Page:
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- The Lodger Alternative
- The Case of Jonathan Drew Alternative
“Hitchcock’s trick is to make a moody expressionist film in a specifically English context”
Geoffrey Macnab, Sight & Sound, December 1999
“It is possible that this film is the finest British production ever made”. So claimed the review in the trade journal Bioscope of Hitchcock’s first thriller. A serial killer is terrorising fog-shrouded London, and a mysterious lodger soon becomes a suspect.
As with Cary Grant in Suspicion (1941), Alfred Hitchcock cannily cast matinee idol Ivor Novello in the title role and challenged his audience to think the worst of him. Visually, it was extraordinarily imaginative for the time, most notably in the scene in which Hitchcock installed a glass floor so that he could show the lodger pacing up and down in his room from below, as though overheard by his landlady. Tellingly, the killer’s victims have ‘golden curls’, a predilection mirrored by the director’s often troubling relationship with his beautiful blonde leading ladies later in his career.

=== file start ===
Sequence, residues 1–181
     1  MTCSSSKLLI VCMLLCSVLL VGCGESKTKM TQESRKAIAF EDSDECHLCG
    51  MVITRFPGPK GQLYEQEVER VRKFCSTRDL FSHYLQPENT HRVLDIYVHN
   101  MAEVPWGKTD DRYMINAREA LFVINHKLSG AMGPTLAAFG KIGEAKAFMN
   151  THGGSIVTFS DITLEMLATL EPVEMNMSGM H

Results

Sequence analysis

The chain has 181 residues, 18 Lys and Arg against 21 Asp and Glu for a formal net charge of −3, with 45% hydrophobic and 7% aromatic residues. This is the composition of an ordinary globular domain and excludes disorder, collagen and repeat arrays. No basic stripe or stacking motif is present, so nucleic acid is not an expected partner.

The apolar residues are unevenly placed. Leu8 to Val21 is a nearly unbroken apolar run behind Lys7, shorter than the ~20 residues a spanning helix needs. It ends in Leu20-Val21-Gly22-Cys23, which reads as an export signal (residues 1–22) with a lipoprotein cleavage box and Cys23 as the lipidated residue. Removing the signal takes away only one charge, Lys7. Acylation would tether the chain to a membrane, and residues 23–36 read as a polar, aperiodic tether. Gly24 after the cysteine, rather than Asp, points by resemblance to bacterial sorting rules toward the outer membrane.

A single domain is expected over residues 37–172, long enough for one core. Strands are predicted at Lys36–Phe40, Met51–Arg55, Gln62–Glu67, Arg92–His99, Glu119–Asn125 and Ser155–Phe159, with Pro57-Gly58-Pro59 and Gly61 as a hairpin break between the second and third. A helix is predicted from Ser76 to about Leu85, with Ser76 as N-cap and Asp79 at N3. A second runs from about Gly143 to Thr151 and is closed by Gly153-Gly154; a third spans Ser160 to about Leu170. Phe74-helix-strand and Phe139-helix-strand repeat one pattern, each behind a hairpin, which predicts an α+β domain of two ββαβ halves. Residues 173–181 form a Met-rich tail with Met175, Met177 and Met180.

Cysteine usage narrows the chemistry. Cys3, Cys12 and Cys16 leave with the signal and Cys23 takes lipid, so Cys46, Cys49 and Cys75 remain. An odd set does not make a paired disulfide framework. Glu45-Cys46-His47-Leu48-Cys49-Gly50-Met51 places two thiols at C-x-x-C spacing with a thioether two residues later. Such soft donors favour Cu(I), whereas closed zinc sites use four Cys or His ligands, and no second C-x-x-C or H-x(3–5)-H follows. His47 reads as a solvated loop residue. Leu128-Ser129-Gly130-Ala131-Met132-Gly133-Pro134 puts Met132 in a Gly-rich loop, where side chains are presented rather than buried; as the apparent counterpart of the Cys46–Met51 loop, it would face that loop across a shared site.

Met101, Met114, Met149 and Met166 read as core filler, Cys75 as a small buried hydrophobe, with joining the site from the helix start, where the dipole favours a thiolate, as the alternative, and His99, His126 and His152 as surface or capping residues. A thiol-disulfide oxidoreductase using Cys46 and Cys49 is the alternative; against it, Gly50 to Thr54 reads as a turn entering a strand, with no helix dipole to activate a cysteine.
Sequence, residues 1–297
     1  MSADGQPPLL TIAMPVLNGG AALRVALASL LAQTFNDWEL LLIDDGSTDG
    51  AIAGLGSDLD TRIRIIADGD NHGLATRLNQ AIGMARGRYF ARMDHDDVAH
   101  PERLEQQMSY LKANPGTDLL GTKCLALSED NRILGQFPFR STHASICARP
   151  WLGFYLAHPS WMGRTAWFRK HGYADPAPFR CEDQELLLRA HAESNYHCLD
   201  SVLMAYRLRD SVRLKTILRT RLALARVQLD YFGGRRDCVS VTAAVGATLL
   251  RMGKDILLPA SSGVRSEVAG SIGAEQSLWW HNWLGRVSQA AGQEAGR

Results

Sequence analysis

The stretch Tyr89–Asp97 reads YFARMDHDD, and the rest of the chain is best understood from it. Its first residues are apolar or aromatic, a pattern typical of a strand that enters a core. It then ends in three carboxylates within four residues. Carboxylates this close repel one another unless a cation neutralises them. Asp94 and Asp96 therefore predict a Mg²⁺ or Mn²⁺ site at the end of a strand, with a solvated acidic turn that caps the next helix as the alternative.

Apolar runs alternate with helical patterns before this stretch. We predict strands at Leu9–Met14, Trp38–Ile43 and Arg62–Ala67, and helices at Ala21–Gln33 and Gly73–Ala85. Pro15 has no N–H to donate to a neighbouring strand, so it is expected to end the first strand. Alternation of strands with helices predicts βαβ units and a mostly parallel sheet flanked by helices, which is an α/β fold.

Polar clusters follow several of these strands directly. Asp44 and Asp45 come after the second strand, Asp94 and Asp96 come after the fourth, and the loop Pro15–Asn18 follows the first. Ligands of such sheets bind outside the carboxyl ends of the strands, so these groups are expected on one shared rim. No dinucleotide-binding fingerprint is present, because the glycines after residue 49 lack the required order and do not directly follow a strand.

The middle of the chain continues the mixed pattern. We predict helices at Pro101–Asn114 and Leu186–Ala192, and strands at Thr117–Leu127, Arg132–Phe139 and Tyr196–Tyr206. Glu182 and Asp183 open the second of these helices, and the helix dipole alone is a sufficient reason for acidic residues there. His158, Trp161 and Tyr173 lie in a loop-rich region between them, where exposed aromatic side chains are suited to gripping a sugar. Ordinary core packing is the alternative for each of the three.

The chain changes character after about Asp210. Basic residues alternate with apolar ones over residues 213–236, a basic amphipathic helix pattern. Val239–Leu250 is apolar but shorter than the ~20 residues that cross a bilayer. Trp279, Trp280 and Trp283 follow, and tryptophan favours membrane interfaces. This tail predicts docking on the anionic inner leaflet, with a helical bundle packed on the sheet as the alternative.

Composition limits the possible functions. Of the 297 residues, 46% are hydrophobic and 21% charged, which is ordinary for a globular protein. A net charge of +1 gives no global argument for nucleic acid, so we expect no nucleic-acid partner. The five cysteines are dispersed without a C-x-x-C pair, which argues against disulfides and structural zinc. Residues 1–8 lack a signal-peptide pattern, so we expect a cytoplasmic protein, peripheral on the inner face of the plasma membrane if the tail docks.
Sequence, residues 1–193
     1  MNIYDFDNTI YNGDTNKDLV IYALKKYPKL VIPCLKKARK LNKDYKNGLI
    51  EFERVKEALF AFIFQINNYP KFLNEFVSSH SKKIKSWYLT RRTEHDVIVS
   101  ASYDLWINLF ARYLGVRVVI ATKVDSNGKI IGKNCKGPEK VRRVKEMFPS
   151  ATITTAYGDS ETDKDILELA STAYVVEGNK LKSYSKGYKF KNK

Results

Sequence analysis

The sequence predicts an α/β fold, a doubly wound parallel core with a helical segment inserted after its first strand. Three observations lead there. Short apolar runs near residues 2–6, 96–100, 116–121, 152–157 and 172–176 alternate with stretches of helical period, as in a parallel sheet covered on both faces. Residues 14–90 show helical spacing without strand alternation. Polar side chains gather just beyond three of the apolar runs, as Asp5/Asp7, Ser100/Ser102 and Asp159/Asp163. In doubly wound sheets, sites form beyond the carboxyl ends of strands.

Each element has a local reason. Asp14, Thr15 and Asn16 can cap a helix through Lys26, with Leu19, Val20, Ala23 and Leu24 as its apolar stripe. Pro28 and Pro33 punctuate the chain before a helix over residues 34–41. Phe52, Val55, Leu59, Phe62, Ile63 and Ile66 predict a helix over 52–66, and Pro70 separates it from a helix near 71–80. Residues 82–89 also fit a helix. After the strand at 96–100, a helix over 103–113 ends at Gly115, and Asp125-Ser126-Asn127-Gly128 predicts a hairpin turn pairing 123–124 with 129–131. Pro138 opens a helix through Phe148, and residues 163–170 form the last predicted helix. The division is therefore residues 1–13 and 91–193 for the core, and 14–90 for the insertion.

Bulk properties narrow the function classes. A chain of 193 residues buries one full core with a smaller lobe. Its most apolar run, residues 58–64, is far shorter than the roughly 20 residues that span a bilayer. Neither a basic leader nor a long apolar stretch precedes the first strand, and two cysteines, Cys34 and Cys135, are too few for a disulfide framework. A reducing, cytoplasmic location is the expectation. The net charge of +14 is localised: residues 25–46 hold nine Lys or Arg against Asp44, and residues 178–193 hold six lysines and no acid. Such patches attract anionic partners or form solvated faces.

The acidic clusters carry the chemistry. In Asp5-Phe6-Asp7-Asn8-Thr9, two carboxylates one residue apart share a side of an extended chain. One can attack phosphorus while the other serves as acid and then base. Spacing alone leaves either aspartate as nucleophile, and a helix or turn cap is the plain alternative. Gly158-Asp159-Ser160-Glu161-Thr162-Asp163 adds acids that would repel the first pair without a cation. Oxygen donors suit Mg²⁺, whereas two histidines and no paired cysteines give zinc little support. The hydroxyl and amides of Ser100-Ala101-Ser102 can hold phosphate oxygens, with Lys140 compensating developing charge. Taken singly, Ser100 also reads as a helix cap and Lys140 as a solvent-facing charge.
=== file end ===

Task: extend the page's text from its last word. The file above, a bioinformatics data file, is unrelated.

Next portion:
As seen in Stage Fright (1949), The Wrong Man (1956), Frenzy (1972) and many others, innocent – and sometimes guilty – men under suspicion would be a popular motif in Hitchcock’s work.
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